could excell the Confusion the people seemed to be in, 
being taught to expect nothing but Savage treatment from 
the Americans. Giving all for lost, their lives were all 
they could dare beg for, which they did with the greatest 
fervancy, they were willing to be Slaves to save their 
Families. I told them it did not suit me to give them an 
answer at that time, they repaired to their homes, trem- 
bling as if they were led to Execution; my principals would 
not suffer me to distress such a number of People, except 
through policy it w^as necessary. A little reflection con- 
vinced me that it was my Interest to attach them to me, 
according to my first plan. ... I sent for all the Princi- 
pal men of the Town, who came in as if to a Tribunal that 
w^as to determine their fate forever. Cursing their for- 
tunes that they were not apprised of us time enough to 
have defended themselves; I told them that I was sorry to 
find that they had been taught to harbour so false an 
opinion of the Americans and their Cause; Explained the 
nature of the dispute to them in as clear a light as I was 
capable of, it was Certain that they were a Conquered 

People, and by the fate of War was at my mercy, and that 
our Principal was to make them Redeemed from insted of 
enslaving them as they immagined, that if I could have 
surety of their Zeal and Attachment to the American 
Cause, they should immediately enjoy all the privileges of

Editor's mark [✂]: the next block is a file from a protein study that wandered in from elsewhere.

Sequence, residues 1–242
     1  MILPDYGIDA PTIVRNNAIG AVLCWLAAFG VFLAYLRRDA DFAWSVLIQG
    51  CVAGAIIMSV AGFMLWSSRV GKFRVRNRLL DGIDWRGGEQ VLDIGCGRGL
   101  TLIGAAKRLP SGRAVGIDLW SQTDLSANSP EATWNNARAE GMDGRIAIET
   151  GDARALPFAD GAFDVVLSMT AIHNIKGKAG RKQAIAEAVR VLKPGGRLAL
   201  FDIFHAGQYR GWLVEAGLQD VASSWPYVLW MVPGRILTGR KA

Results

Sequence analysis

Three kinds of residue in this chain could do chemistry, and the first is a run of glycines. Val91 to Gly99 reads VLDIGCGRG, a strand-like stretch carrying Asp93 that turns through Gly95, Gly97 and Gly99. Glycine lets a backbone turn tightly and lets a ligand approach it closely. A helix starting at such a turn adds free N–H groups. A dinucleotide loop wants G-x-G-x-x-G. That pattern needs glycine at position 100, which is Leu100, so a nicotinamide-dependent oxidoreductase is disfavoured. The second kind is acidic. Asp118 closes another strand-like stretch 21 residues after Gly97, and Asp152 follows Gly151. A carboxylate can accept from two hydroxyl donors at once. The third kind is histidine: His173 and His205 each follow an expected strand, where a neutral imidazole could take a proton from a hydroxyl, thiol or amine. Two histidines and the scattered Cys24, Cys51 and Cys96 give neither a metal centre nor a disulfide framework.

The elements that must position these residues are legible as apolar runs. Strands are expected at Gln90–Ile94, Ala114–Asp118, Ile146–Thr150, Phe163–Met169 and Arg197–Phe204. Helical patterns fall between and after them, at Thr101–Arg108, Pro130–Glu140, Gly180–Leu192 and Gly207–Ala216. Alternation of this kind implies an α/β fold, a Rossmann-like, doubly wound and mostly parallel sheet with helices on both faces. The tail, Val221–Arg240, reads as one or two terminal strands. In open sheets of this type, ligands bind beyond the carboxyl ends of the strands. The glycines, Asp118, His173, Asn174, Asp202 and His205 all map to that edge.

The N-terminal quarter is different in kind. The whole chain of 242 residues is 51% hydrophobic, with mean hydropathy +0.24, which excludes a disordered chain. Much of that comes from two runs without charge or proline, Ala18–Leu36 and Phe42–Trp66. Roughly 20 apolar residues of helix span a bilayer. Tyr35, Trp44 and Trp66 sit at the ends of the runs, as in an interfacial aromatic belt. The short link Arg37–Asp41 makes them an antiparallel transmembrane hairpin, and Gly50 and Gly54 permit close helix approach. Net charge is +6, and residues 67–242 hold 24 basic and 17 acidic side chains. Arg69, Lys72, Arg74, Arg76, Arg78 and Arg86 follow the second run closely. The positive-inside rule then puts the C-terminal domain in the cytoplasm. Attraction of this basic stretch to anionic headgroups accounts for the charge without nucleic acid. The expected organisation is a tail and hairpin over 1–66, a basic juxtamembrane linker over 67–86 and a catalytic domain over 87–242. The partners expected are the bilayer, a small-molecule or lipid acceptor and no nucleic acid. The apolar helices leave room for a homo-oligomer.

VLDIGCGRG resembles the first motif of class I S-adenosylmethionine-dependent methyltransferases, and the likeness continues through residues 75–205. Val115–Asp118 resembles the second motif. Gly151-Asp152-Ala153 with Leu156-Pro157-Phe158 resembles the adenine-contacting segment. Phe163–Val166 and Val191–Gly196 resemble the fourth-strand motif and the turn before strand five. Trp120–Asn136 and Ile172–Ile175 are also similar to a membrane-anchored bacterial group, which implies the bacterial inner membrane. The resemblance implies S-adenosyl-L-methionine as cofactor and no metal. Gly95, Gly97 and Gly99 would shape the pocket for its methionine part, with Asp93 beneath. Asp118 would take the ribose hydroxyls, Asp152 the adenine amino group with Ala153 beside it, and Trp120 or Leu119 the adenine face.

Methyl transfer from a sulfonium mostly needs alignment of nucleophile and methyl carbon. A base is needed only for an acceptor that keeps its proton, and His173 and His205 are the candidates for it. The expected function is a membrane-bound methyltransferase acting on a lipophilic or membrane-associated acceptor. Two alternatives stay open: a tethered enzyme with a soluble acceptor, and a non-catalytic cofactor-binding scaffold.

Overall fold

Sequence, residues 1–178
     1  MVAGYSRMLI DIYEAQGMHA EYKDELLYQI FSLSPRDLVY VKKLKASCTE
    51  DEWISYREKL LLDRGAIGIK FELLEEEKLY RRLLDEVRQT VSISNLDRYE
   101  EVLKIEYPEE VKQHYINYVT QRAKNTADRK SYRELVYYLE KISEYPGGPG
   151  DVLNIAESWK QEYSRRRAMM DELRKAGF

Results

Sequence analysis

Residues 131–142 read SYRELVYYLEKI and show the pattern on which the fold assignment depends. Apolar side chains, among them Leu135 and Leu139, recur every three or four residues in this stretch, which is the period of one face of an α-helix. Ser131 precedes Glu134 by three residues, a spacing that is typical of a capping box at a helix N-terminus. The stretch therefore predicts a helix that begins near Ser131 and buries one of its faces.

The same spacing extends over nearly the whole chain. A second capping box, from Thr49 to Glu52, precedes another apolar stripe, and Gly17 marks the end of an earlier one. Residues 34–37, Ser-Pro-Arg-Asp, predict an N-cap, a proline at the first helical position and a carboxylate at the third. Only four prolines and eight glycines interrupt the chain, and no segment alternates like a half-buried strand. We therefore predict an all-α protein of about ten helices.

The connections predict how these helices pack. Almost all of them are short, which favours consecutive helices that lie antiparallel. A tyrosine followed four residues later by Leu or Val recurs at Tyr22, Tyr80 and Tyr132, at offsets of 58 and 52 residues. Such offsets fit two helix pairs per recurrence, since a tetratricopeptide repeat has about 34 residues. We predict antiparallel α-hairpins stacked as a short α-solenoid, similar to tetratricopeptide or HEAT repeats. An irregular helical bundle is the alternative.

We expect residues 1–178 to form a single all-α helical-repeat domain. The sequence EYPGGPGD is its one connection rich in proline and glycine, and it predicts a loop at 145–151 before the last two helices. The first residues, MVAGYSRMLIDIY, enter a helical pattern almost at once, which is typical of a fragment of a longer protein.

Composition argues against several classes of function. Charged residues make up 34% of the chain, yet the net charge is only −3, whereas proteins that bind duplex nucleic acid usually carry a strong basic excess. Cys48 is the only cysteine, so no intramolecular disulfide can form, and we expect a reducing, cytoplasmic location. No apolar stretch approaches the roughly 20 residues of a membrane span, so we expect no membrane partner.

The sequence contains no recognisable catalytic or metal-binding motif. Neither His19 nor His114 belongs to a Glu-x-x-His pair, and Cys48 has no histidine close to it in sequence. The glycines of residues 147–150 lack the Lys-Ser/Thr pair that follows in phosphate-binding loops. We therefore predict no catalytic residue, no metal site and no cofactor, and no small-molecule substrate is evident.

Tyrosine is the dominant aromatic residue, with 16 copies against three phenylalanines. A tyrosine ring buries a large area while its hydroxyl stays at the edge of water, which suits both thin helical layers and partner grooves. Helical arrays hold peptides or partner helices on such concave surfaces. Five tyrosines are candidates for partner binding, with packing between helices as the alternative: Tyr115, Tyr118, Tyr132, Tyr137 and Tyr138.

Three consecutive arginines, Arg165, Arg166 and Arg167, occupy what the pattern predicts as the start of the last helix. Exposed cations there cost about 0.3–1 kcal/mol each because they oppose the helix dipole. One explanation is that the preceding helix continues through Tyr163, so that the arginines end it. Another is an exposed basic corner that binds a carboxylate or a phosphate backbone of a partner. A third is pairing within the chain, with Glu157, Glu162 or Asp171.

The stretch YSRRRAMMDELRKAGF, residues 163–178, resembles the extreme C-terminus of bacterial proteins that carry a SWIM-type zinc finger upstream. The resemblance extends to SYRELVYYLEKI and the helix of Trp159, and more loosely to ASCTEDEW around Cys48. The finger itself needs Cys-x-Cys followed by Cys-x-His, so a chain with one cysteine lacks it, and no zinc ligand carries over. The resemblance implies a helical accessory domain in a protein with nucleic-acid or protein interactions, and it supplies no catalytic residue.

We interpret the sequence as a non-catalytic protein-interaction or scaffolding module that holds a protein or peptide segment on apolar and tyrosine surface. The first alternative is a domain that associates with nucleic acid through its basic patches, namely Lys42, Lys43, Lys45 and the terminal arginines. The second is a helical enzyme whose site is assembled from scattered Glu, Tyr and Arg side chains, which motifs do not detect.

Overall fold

our Government, and their property secured to them, and 
that it was only to stop the further effusion of Innocent 
Blood by the Savages and the influence of the Governor, 
that made them an object of our attention, &c. 

"No sooner had they heard this their Joy sparkled in 
their Eyes and (they) fell into Transports of Joy that 
really surprised me . . . that they should . . . think 
themselves the happyest People in the World if they were 
united with the Americans. . . . 

"They returned to their families, and in a few minutes 
the scean of mourning and distress was turned into an ex- 
cess of Joy, nothing else seen or heard. Addorning the 
Streets with flowers and Pavilians of different colours, 
compleating their happiness by singing, &c." 

Thus, without firing a gun, Clark's force of a little 
more than a hundred men — the Kaskaskians thought he 
had at least ten times as many — succeeded in winning 
Kaskaskia, and so the entire Mississippi country, for the 

Clark made many friends in the village who were of 
wonderful assistance to him in the further perforrfxance 
of the task he had set himself. Easily first among them 
was Francis Vigo, a Spaniard who had gone from Sardinia 
to New Orleans, and from there to St. Louis. He was in